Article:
step 2.3:
Click Next and fill the authentication details in the next window as follows.
DN of the bind user: uid=admin,ou=system
Bind password: 'admin'.

You may skip the other steps in the wizard and finish creating the connection.
Now you can view the ldap structure of IS's default user store in the LDAP Browser window as shown below.

One tiny tip before we windup- when ever you do an update to the embedded-ldap through IS, make sure to click the 'refresh' button in the LDAP Browser window shown above, in order to observe the changes through ApacheDS Studio UI tool.

Thursday, April 14, 2011

Wihidum -- Our Final Year Project...

After nearly a one year completing our final year research project, I thought of writing about it in my blog.

In the FYP, our research was to come up with proper communication algorithms for a hierarchy of distributed broker nodes, which acts as one unit to constitute a distributed middleware. 

Message communication was based on WS-Eventing. After researching, we designed and implemented two algorithms named tree and cluster. The respective names imply the topology that the broker nodes are arranged in the hierarchy. We also did a performance testing on the two topologies and analyzed the results in our research.

Here, I should thankfully mention the valuable guidance and help provided by two supervisors of the project-- Dr.Srinath Perera and Mrs. Vishaka Nanayakkara. I am also thankful to all the members of our team, specially Dilshan Kanchana and Chamini Hasanga for the hard work and effort put on this project. We carried out this with a team of four including me, Dilshan, Chamini and Prabath.

Following is the set of slides that I presented for the CSnES conference which is a local conference, regarding the project Wihidum.
I will upload the research paper too soon.

SOA Security in a Nutshell

I am on my April vacation of one week. I decided to dedicate this week to learn security stuff--mainly related to SOA-security, which was my passion from university time and now I am duty bounded as well to learn them as a member of WSO2 security team. :)

During my learning process, I came across many useful and valuable articles mostly written by senior members of WSO2 security team. 

I was particularly amazed by the following presentation by Prabath Siriwardena. The flow of the presentation is fantastic which takes a reader with zero or less knowledge in security from very basics --through all the SOA security concepts --to building a real enterprise security solution using WSO2 product stack at the end. It aligns with human thinking pattern very well so that we can go through all 244 slides  at once with full concentration without getting bored at all.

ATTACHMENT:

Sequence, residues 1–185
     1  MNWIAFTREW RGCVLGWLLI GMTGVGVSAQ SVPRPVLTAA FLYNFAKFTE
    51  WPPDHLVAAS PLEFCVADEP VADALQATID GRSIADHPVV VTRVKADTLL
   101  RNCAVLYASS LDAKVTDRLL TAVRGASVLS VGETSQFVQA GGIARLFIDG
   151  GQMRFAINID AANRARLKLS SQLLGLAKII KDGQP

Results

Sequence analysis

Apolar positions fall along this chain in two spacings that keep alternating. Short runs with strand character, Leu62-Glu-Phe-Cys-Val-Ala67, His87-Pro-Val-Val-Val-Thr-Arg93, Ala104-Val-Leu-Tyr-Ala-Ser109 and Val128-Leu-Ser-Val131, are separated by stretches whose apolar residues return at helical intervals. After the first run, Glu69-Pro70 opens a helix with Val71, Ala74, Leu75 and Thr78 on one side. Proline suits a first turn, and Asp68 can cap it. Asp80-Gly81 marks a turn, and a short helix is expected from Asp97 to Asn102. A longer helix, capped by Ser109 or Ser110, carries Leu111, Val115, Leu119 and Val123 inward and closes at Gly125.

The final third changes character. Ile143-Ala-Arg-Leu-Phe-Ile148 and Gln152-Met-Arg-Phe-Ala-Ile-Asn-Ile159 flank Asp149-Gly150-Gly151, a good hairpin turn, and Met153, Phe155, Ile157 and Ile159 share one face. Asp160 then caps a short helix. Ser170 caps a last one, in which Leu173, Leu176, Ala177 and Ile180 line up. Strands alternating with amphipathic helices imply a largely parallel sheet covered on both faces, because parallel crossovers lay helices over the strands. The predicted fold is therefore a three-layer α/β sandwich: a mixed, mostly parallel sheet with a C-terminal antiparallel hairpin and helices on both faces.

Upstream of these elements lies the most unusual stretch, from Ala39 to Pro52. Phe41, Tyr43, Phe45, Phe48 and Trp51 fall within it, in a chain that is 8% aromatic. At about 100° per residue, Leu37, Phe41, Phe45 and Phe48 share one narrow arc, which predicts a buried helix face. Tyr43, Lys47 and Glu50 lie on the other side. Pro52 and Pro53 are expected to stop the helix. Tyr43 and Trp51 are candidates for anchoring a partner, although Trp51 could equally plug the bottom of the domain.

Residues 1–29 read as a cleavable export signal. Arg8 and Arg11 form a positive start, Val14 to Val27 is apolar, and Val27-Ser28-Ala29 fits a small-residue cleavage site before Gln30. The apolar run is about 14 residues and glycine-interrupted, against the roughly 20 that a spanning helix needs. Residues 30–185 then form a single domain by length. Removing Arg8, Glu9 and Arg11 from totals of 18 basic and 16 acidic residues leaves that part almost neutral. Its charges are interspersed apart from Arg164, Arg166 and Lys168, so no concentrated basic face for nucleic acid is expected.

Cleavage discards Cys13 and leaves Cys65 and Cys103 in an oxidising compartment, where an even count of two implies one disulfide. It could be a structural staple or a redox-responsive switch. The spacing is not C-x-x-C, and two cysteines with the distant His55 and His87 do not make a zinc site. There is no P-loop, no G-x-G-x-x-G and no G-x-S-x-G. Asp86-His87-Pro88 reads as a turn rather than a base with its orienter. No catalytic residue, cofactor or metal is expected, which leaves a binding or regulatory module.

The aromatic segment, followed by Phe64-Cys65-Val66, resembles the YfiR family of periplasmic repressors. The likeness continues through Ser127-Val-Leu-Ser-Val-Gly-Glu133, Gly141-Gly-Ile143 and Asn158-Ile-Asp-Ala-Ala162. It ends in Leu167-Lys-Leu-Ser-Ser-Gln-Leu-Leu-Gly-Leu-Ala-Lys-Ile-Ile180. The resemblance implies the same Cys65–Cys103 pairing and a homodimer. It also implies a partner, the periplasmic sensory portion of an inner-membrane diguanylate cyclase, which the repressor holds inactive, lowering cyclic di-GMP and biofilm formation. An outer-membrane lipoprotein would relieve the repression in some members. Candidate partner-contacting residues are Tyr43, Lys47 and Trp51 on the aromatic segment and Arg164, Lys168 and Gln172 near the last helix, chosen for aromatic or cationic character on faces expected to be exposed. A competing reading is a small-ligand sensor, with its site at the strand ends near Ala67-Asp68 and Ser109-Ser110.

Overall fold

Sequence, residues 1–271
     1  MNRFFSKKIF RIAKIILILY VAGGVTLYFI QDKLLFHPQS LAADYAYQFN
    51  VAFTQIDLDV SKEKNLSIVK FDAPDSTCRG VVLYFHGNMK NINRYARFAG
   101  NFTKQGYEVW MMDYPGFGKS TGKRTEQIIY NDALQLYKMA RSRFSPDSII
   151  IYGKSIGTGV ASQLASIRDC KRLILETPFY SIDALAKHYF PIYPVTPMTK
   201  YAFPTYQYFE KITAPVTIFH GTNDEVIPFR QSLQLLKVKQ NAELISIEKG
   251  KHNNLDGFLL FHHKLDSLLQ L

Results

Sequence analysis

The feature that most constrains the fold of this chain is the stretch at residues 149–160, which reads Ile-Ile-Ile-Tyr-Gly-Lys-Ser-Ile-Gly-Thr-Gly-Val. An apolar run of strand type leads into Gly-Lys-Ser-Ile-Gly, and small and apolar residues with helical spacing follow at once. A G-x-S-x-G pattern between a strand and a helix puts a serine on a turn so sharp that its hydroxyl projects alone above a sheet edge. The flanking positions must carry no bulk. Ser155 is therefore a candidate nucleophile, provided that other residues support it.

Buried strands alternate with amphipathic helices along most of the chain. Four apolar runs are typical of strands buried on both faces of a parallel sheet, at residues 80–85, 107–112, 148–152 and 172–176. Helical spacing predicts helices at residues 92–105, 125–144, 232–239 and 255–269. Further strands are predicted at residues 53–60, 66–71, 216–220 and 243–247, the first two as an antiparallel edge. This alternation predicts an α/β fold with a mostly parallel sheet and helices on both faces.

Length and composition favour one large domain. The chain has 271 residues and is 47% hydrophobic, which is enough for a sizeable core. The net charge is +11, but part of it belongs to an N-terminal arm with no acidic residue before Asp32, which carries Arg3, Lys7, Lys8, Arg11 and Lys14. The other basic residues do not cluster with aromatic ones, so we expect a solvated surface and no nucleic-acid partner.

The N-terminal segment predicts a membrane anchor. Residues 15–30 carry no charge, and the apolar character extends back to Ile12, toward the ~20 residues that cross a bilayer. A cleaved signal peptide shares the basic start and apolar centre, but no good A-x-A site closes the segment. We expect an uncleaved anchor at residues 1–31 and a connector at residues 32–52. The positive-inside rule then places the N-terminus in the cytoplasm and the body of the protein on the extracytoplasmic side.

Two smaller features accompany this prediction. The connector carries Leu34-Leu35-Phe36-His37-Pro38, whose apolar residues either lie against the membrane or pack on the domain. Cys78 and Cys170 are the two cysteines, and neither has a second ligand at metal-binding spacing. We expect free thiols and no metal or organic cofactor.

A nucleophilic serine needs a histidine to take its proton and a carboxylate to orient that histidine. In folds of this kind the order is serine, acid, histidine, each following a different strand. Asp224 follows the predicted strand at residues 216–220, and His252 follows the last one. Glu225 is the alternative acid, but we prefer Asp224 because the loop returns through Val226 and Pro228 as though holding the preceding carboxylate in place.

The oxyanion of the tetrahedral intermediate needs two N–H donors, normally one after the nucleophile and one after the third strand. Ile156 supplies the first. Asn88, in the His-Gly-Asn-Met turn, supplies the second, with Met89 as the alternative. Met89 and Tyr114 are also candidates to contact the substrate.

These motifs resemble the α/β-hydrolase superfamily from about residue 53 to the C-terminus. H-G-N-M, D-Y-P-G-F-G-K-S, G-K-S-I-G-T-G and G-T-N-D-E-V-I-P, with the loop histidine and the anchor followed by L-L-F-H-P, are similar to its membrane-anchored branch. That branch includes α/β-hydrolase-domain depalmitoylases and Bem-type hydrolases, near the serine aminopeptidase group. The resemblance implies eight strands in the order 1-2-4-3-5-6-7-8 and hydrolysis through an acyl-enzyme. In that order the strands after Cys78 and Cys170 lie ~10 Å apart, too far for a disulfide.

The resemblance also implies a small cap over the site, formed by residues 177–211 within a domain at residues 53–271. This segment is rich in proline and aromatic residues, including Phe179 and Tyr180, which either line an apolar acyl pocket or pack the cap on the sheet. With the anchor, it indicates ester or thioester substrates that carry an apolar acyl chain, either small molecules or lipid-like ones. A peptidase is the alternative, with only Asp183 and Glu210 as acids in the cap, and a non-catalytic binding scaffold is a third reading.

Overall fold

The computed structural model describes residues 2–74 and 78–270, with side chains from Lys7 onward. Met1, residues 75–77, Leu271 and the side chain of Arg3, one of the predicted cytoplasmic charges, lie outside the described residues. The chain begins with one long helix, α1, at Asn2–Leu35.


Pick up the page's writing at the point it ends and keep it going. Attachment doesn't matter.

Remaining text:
Presentation is self explanatory to its max such that without speaker, we can understand everything very well. I must say it is a very creative, innovative and comprehensive presentation or rather a great source of knowledge.
Thanks a lot Prabath aiya...

Monday, April 4, 2011

In tribute to a great teacher : Mr. Rienzie Gunaratne

Last Saturday (2nd April 2011) evening, when I was watching ICC world cup finals, I heard a very shocking and a sad news that one of my great teachers, Mr. Rienzie Gunaratne (72) has passed away.

If I consider myself has gained some kind of success at this age of mine, he is surely  one important pillar of that success. He was by profession a lecturer at teacher's training college-Maharagama. I joined his English classes at the grade of 8. Soon I found his teaching very methodical and very inspiring which led to the ultimate results of me winning subject prize for English at grade 9 and obtaining distinctions for both English language and English literature subjects at GCE O/L examination.

But it is not the part that I am going to talk about here and it is not the part which had a lasting impact on my life.

Two things that made lasting impacts on us were: the public speaking training sessions he conducted in each day of English language classes and great life time lessons he taught us, the morals he cultivated in us during English literature classes in early mornings of Saturdays for 3 years.

Talking about the first thing above; apart from the subject curriculum, he took an innovative approach in improving public speaking skills of his students by having prepared speeches and news diary sessions where we got a chance to use our creativity skills and imaginations skills while learning techniques such as keeping eye-contact and composing speeches at a very young age of 13-14 years. And that practice has helped me many times during my university life.

The second and the most important impact we had from him was the universal lessons we learned from him in his literature class. 
He was not satisfied with the formal curriculum and genuinely wanted us to learn the beauty of literature where he had selected a valuable set of poems from great old literature and taught us the hidden messages in them relating to the real life, in a very convincing manner.